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Foot Bone or Joint Injury

Navicular Stress Fracture

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Posted 2 years ago


Last updated: 25/01/2024


by James McCormack

James McCormack
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Navicular Stress Fracture

The navicular bone is located on the inner aspect of the medial arch of the foot; it is saddle-shaped and sits between the Talus bone and the 3 Cuneiform bones. The Navicular bone plays a fundamental role in the transfer of weight and forces from the hindfoot through to the mid and forefoot while also providing structural stability to the medial arch of the foot. The blood supply of the Navicular bone plays a vital role in its vulnerability when recovering from stress fractures.

Two arteries enter the bone centrally but immediately diverge medially and laterally, leaving the central aspect of the bone with low blood supply levels. Repeated stress to the central aspect of the Navicular Bone from impact sports can cause a Navicular Stress Fracture.

Picture of navicular bone on an x-ray

Navicular Stress Fracture Symptoms

When describing the symptoms of a Navicular Stress Fracture, patients often report a slow, gradual onset of dull pain on the medial arch of the foot that is worse with activity but improves with rest. There may be some mild swelling or bruising around the navicular bone, which is often not present.

The location of the pain in patients is approx 19mm in diameter around the top of the navicular, closer to the ankle bone, and this is known as the N-spot. It has been found that 81% of patients have pain on palpation of the N-spot.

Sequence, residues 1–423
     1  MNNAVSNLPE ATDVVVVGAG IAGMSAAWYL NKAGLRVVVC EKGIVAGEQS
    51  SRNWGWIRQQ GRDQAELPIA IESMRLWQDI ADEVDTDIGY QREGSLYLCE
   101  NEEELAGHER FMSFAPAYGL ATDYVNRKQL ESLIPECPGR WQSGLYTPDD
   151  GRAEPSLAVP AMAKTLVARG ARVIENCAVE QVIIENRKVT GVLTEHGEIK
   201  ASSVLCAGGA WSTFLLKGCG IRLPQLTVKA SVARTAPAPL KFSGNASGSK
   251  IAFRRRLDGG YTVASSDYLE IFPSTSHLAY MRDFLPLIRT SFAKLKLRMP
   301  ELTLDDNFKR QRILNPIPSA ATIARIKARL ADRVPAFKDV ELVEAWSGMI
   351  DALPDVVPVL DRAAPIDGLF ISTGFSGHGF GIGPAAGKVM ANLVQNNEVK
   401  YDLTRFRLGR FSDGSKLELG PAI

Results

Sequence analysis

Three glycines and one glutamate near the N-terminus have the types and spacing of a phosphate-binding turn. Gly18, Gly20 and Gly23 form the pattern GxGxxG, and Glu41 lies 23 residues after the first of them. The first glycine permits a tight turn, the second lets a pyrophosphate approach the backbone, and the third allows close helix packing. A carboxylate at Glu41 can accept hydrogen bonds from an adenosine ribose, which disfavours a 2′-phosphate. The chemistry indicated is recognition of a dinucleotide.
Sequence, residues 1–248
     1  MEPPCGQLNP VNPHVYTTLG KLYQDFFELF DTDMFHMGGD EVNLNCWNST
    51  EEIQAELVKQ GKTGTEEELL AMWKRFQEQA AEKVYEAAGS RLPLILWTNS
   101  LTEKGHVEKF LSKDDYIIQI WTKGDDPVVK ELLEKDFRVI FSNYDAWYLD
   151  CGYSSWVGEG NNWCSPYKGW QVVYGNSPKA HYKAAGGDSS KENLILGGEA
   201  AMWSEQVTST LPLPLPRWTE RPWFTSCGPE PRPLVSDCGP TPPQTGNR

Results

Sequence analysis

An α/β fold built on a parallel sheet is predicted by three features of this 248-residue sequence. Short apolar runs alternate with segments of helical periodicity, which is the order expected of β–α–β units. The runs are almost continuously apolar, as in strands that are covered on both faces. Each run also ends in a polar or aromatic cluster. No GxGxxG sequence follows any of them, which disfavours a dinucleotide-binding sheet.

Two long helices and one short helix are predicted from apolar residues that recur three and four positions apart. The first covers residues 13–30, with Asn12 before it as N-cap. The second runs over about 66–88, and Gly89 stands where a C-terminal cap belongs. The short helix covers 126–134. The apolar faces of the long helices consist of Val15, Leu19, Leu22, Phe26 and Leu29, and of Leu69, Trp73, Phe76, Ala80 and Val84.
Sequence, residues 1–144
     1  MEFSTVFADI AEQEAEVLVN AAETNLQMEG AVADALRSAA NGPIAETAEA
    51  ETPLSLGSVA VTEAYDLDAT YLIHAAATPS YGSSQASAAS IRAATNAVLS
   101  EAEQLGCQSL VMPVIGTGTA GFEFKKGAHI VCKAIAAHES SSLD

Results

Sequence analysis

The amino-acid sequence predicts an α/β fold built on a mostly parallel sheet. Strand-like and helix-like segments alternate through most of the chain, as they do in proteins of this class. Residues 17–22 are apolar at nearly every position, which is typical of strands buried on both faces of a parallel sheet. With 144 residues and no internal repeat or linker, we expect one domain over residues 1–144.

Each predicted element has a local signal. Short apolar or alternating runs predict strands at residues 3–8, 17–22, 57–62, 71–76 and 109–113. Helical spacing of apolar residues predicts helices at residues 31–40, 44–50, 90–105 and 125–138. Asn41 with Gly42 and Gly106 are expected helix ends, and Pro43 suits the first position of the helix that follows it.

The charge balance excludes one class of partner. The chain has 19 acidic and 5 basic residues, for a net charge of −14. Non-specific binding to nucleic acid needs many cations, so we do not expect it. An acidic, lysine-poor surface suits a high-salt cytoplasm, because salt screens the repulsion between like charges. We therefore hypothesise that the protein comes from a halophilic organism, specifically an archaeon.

Navicular Stress Fracture Causes

Due to the unique position of the Navicular bone, high forces are anatomically placed through the central aspect of the Navicular when walking and running; this is coupled with strain placed on the Navicular from the Posterior Tibial Tendon. When impact activities such as running and jumping and repetitively carried out, these forces can cause a Navicular Stress Fracture.

As a result, most Navicular Stress fractures are found in athletes. In a study of 200 individuals with Navicular Stress Fractures, most were males, and 98.5% were athletes.

Navicular Stress Fracture Diagnosis

A clinician such as a Physical Therapist can identify the likelihood of a Navicular stress fracture following a physical examination that involves pain on palpation of the N-Spot, pain on single leg calf raise and a single leg hop test.

A standing x-ray can detect a Navicular Stress Fracture, but this is difficult in the early stages of injury, so an MRI is preferred if possible. The gold standard form of imaging for a Navicular Stress Fracture is a CT-Scan, which is often difficult to source.

If a stress fracture is found, checking your Vitamin D levels with or without a Dexa Scan is often recommended to check your bone health.

Navicular Stress Fracture Treatment

Early detection of this injury is vital, and a consultation with your Physical Therapist and Orthopaedic consultant on the best treatment is recommended. In non-operative cases, patients are usually placed in a cast or a boot for 6-8 weeks, non-weight bearing before increasing weight through the joint and eventually weaning out of the boot.

Mass atrophy of the foot and ankle will result from the time spent in the boot, and your Physical Therapist should develop a specific strengthening, mobility and stability rehabilitation protocol. A rehabilitation protocol should be progressively difficult, pain-free, and more sports-specific over time. A gait analysis can provide information on the most appropriate footwear and the necessity for custom insoles.

If a patient has low vitamin-D levels, it can influence the bone healing rate, increasing the time spent in a boot and the speed that a patient works through a rehabilitation protocol.

There are a number of surgical techniques that can be carried out for a Navicular Stress Fracture, and these should be discussed with an Orthopaedic Consultant.

Physiotherapy with James McCormack

This is not medical advice. We recommend a consultation with a medical professional such as James McCormack. He offers Online Physiotherapy Appointments.

Related Article: Accessory Navicular SyndromeKohler’s Disease

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